A wildflower field macro photography workshop led by professional photographer, Tony Dunn. You'll learn beginning and advanced photographic and lighting techniques for capturing dramatic wildflower photos, learn the settings on your camera that will give you the best wildflower photos, and do it all in the field surrounded by dramatic displays of spring wildflowers.

Owls Clover on Table Mountain

Table Mountain, North of Oroville, Butte County. We'll meet at the parking lot at the Table Mountain Wildflower Reserve on Cherokee Rd (see map below - zoom out to see the general area). We will hike down to the waterfall where there is the highest concentration of wildflowers.

View Larger Map

Saturday, March 26, 2011, 2:30-5:30pm (sunset). Please arrive promptly as we will leave the parking lot for the field immediately at 2:30.

Poppies on Table Mountain

How Much
The workshop is $65 per person in advance. Because of limited space, please make your reservation in advance, as the workshop will sell out. You can pay via check or PayPal. Contact me for more payment information via email or phone (530-321-1753).

Tidy Tips

Is This Workshop for Me?
This workshop is for beginning, intermediate and even advanced photographers wishing to either begin learning the basics of wildflower photography or learn and practice more advanced macro photography techniques.

Owls Clover on Table Mountain

What do I Need?
We will be hiking about a half a mile each way over relatively gentle but occasionally soggy terrain to the main wildflower area, so you should wear sturdy boots and clothing appropriate to the weather. Since the flowers are very close to the ground, wear clothes that you won't mind getting down on your knees or belly in. Bring water and snacks if you wish.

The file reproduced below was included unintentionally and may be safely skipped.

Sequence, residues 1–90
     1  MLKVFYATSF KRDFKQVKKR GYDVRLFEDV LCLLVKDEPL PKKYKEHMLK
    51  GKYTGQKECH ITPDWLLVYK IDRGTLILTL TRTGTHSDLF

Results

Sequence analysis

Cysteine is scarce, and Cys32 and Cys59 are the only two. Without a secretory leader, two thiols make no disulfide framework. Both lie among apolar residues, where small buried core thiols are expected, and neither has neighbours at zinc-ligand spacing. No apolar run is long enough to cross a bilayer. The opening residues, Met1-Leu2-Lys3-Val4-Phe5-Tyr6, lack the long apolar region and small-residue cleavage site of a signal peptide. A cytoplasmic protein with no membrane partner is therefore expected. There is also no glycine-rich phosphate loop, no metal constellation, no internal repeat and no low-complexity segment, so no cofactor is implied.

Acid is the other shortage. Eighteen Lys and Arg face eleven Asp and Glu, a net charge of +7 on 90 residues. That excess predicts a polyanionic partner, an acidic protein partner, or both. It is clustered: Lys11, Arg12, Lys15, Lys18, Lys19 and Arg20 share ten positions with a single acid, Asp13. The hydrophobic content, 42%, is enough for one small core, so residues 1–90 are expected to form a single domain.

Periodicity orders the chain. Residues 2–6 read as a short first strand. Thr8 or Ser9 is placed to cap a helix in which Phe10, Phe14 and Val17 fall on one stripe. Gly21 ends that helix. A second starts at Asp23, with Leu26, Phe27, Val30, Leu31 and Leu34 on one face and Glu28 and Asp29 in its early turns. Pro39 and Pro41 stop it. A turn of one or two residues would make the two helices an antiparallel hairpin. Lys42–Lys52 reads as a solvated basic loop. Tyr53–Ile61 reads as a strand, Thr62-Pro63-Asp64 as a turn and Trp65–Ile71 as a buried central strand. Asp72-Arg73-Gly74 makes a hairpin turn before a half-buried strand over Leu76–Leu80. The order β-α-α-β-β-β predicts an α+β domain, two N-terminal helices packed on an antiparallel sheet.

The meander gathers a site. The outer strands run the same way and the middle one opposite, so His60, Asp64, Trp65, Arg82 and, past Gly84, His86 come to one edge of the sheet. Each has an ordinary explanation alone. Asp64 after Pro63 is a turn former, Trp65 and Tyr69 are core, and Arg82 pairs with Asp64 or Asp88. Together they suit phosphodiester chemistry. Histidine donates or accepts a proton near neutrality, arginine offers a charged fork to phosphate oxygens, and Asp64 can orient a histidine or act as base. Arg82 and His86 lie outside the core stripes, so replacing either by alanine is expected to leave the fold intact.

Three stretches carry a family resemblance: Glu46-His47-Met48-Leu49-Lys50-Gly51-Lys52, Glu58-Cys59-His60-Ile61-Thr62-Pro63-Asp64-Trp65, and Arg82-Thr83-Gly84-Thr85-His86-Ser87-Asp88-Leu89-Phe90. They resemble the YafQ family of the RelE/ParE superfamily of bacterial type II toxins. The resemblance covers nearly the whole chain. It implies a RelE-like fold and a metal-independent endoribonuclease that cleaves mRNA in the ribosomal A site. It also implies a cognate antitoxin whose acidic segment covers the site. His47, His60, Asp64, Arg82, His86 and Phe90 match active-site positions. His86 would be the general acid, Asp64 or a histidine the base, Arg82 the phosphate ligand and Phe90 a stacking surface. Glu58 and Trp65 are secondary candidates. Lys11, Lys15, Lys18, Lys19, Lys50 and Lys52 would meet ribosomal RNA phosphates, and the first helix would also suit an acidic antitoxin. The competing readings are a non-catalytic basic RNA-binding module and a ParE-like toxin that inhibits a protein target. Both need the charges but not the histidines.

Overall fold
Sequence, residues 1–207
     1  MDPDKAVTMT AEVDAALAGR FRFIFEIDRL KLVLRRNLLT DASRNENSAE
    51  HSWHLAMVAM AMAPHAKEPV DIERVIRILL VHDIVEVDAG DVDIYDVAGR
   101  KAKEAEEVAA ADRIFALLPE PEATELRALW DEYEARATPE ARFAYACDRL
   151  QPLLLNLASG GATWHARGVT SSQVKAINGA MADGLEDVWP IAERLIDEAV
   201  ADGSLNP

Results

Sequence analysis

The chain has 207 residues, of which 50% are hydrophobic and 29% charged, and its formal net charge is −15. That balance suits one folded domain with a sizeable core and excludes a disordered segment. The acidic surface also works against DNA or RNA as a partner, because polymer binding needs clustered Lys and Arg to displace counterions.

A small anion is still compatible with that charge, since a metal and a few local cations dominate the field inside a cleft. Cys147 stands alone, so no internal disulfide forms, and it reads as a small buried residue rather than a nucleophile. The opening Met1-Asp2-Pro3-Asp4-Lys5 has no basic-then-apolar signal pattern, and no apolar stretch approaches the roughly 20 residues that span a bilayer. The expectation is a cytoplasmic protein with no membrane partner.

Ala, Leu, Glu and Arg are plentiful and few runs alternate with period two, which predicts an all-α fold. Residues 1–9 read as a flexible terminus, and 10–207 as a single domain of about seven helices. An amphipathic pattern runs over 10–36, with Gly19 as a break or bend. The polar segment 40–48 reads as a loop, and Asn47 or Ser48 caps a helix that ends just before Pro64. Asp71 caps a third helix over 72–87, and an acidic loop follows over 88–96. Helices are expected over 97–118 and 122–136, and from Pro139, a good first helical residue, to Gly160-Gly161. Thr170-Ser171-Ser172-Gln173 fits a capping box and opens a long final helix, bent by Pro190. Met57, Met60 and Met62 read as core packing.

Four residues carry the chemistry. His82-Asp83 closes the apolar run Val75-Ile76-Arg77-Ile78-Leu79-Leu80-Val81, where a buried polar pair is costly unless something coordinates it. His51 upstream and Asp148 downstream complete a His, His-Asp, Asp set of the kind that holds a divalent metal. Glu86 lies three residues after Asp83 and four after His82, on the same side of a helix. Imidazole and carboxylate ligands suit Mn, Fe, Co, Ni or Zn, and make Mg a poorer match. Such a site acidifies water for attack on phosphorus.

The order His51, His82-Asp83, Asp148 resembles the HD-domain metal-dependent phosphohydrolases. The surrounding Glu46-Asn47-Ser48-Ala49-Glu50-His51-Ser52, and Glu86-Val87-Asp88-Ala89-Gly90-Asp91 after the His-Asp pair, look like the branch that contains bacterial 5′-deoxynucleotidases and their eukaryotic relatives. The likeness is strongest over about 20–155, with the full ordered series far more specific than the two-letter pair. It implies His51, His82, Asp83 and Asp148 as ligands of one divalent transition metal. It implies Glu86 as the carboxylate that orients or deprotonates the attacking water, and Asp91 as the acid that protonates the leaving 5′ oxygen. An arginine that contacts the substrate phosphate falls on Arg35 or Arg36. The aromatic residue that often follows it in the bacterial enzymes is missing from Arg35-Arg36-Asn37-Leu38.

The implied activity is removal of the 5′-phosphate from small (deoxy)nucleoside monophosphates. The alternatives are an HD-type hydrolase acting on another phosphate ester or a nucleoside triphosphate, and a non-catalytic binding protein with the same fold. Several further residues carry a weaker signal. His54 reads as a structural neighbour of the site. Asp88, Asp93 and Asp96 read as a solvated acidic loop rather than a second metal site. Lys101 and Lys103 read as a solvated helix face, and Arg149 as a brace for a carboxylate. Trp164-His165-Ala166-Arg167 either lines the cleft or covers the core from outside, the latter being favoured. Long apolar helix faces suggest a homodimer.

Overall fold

You can bring a tripod for your camera if you wish, but it is unlikely that you'll use it.

You will need to bring a camera that is capable of capturing close up images of wildflowers. Most point-and-shoot and 'prosumer' cameras have some level of this capability. For DLSRs it depends on the lens. Some lenses have a 'macro' setting that does not really allow you to get close enough to take pictures of wildflowers really close up. For DSLRs, you will have the best results with a 'real' macro lens.

How can you tell what your camera will do? Try taking a photo of a quarter.

Quarter Macro view

If you can get a quarter to look this big (or bigger) in your camera's viewfinder (in focus!), then your camera is OK for wildflower macro photography. If your camera won't let you get this close, then you can do general photography of wildflowers, but won't be able to capture the dramatic close ups that true macro photography gives. But that might be all you want.

Make sure your camera's batteries are charged!

What happens if it's Raining?
The workshop will occur if it is overcast and or cold. If it is rainy or extremely windy (which makes it difficult to photograph the wildflowers), then the workshop will be cancelled. If it is possible to reschedule for Sunday the 27th or for the next weekend, we will do that. If not, all participants will receive a full refund. 

For more information,  email or call me at 530-321-1753.

Wild Violet on Table Mountain

Monday, February 7, 2011

Gallery Showing - March 4th - 26th

My photography will be on display at the Orland Art Center and Gallery from March 4th to 26th.

My work will be part of a exhibit titled "Beautiful Northern California" and will include works of three other artists - James Gregg, Charlie Osborn and Richard Verkuyl.

Though my work spans the length and breadth of northern California, for this exhibit my focus will be on the under-appreciated beauty of the rural and agricultural landscapes of the Sacramento Valley. Generally considered to be little more than "hot, flat and dusty", the Sacramento Valley is in reality a rich landscape full of contrasts and beauty.

Rice Harvest near Marysville

Golden Foothills

Come see for yourself! There will be an artists' reception on March 4th, from 3 - 7pm. I will be there, but probably only after about 4:30.

The show will run from March 4th through March 26th. The Gallery is open 1pm - 7pm Tuesday through Saturday, and is located at 732 Fourth Street, Orland, CA.

Almond orchards in bloom